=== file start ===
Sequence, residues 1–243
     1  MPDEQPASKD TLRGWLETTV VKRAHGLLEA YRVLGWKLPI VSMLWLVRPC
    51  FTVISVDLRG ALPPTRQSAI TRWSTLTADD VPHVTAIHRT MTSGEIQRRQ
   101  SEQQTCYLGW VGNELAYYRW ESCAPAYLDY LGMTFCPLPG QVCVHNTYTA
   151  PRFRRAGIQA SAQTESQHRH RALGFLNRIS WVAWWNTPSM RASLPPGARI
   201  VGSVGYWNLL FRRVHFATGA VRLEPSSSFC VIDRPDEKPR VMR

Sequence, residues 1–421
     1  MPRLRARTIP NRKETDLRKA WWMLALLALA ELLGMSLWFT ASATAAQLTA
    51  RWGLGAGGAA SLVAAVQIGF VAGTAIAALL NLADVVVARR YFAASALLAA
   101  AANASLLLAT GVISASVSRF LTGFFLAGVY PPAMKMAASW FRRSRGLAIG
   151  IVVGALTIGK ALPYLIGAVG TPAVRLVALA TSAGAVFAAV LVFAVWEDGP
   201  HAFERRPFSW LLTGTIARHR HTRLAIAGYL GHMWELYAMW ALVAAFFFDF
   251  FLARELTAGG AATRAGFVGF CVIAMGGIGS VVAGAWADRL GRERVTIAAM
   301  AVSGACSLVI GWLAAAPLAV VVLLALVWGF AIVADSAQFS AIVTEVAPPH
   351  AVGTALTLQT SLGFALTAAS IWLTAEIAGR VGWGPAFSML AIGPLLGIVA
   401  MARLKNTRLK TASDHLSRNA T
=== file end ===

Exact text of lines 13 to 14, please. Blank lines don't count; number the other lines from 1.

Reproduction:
   251  FLARELTAGG AATRAGFVGF CVIAMGGIGS VVAGAWADRL GRERVTIAAM
   301  AVSGACSLVI GWLAAAPLAV VVLLALVWGF AIVADSAQFS AIVTEVAPPH